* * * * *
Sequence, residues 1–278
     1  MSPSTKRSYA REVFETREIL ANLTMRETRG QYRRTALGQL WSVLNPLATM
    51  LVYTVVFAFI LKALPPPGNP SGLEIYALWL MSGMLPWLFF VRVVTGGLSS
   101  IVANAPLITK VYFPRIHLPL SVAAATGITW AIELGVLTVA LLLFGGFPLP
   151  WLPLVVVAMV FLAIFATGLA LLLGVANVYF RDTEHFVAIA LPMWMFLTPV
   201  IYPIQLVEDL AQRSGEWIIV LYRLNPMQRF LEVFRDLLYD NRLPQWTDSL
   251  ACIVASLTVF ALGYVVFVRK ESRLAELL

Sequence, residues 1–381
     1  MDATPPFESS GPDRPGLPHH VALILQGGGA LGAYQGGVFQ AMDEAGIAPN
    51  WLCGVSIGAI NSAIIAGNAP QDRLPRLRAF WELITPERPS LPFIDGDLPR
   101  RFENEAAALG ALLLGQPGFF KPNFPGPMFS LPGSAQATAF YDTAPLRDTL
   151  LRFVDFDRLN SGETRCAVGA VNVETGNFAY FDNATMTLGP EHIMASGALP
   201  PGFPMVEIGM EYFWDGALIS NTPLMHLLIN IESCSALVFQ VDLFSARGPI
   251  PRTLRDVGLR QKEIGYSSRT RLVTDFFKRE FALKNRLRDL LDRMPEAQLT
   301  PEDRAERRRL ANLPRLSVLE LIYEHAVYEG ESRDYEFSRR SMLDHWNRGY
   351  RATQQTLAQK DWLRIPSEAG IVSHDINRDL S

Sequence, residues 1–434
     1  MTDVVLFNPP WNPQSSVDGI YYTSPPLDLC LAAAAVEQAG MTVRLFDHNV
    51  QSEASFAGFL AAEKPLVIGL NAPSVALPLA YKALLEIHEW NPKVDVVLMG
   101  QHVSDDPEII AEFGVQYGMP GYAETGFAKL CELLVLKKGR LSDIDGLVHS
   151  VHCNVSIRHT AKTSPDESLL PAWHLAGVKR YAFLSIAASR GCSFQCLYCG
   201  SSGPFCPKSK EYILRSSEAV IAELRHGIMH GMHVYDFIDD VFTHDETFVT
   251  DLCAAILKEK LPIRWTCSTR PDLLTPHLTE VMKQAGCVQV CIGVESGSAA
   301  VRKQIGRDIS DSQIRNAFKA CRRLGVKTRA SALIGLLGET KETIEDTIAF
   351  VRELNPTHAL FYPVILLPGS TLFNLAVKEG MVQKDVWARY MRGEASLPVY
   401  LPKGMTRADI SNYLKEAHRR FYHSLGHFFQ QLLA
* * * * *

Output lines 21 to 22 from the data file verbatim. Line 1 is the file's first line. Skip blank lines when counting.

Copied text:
   151  VHCNVSIRHT AKTSPDESLL PAWHLAGVKR YAFLSIAASR GCSFQCLYCG
   201  SSGPFCPKSK EYILRSSEAV IAELRHGIMH GMHVYDFIDD VFTHDETFVT